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Intentional Curricular Design: HIPs are Not Enough! PowerPoint Presentation
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Intentional Curricular Design: HIPs are Not Enough!

Intentional Curricular Design: HIPs are Not Enough!

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Intentional Curricular Design: HIPs are Not Enough!

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  1. Intentional Curricular Design: HIPs are Not Enough! Ann S. Ferren Senior Fellow, AAC&U

  2. Essential Learning Outcomes: Focus on Connection and Application (AAC&U, 2007) • Knowledge of Human Cultures and the Physical and Natural World: through study in science, mathematics, social sciences, humanities, histories, languages and the arts. Focused by engagement with big questions, both contemporary and enduring • Intellectual and Practical Skills: inquiry and analysis; critical and creative thinking; written and oral communication; quantitative literacy; information literacy; teamwork and problem solving. Practiced extensively, across the curriculum, in the context of progressively challenging problems, projects, and standards for performance.

  3. Essential Learning Outcomes: Focus on Connection and Application (continued) • Personal and Social Responsibility: civic knowledge and engagement—local and global; intercultural knowledge and competence; ethical reasoning and action; foundations and skills for lifelong learning Anchored through active involvement with diverse communities and real-world challenges. • Integrative and Applied Learning: synthesis and advanced accomplishment across general and specialized studies Demonstrated through the application of knowledge, skills, and responsibilities to new settings and complex problems.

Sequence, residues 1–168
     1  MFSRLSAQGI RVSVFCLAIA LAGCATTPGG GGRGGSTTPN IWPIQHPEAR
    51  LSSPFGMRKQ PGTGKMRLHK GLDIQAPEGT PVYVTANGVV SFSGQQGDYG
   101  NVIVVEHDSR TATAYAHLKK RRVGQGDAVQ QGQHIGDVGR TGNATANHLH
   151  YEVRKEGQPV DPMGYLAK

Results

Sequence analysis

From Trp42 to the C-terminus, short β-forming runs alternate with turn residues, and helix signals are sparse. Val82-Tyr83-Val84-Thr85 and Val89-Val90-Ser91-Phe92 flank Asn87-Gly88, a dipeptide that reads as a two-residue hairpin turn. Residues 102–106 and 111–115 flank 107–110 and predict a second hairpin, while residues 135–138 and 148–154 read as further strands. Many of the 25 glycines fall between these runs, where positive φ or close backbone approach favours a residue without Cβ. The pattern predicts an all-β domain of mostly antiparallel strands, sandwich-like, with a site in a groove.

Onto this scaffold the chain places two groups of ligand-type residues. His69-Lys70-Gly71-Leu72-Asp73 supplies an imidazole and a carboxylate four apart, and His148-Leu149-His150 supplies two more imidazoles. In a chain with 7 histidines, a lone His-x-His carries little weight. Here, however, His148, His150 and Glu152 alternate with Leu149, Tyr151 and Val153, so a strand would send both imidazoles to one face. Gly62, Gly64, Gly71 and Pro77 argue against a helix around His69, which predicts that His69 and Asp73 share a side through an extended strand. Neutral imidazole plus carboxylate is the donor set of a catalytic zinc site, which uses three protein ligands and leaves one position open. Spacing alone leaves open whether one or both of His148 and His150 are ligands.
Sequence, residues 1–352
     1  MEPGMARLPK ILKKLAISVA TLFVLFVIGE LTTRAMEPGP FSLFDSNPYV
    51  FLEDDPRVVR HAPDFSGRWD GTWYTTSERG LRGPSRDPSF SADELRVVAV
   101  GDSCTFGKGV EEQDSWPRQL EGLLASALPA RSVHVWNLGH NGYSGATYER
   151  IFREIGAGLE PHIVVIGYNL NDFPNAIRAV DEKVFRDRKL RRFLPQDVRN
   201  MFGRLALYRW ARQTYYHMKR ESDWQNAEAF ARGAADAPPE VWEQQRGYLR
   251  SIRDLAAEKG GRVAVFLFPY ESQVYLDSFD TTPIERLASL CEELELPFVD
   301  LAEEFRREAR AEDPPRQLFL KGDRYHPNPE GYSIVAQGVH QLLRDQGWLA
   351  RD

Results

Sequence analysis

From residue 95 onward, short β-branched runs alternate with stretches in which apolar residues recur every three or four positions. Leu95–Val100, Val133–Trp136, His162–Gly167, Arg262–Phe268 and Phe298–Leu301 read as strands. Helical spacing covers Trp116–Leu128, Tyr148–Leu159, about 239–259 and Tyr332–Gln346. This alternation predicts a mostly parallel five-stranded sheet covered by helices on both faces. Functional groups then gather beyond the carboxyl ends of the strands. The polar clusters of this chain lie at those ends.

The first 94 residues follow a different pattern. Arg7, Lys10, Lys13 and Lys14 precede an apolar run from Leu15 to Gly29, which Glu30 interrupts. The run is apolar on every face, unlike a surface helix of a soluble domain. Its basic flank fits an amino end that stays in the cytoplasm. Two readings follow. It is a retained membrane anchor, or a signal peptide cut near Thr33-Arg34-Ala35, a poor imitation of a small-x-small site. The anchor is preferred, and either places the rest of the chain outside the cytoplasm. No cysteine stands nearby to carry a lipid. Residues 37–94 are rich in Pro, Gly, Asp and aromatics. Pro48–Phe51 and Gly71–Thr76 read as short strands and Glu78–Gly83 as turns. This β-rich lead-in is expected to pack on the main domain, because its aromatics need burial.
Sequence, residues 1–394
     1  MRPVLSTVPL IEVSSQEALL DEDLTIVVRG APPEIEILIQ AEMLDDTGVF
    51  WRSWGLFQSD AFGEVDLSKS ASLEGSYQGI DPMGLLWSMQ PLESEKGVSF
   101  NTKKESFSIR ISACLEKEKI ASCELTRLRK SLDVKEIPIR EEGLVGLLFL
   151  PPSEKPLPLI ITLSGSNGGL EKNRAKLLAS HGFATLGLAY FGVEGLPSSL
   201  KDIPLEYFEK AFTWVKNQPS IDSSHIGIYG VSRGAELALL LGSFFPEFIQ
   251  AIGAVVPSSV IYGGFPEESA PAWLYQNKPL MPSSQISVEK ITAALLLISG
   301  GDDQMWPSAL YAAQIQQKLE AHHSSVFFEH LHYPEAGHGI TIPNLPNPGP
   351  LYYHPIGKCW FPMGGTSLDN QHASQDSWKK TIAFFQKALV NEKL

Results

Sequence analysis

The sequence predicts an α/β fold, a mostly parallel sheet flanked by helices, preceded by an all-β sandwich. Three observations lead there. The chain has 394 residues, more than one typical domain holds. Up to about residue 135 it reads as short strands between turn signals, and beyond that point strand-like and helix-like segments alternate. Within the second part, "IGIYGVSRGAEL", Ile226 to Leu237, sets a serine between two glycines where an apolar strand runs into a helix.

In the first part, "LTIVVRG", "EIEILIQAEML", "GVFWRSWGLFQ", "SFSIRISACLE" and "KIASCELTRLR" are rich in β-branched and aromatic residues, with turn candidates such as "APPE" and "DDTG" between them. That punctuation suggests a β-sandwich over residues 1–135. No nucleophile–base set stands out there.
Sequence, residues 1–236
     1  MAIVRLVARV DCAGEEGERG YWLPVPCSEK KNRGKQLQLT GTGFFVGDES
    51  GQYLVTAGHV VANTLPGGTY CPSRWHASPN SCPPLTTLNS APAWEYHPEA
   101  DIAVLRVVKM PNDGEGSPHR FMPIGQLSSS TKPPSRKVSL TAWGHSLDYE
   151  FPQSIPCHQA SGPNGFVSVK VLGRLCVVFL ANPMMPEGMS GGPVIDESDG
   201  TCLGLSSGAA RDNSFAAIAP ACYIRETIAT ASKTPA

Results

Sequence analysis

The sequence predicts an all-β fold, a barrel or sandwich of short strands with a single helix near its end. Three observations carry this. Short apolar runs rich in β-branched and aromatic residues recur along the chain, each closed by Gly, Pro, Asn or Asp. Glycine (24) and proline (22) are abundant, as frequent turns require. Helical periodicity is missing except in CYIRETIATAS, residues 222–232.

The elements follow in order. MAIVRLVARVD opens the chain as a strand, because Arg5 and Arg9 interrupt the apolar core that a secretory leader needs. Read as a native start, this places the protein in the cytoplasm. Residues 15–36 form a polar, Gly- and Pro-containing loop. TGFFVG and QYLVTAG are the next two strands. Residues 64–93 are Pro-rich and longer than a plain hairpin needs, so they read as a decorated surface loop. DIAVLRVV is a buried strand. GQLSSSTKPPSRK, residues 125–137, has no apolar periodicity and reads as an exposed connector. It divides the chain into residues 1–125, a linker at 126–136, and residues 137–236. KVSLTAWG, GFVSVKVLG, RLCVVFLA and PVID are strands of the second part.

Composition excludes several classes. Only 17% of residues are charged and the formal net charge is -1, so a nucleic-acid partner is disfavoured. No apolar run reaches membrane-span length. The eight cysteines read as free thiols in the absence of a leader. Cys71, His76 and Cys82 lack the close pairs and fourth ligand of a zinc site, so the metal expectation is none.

4. Basics of Curriculum and Course Design • Learners • Goals/Outcomes • Content • Pedagogy • Structure • Clear Connections • Assessment and Improvement Campuses are finding opportunities to increase student success at every point.

  5. Intentionality in the Undergraduate Experience • First Year: orientation, seminars, living learning programs, projects—transition, retention, and strong start • Middle Years: connections across and within the majors, second year seminars, cluster courses, community –based experiences, integration of skills—reinforcement, extension, and development • Capstone Experience: seminars, theses, senior projects, portfolios, internships—mastery, mentoring, culmination, and transition to workplace How intentional is your institution’s undergraduate program? Where do High Impact Practices fit?

  6. What makes these practices “high impact”? • Student success is more than graduation—focuses on level of learning not just credits, time on task, feedback, competence, self efficacy as a learner • Purposeful—individual and collaborative, challenging and supportive, make connections, produce “new insights” • Engaging—active, practical, applied, relevant, meaningful, big questions, important issues • Developmental—provides pathway from start to finish, integrates skills and contexts through many courses and experiences How many HIPs does a student need? Why do different students respond in different ways?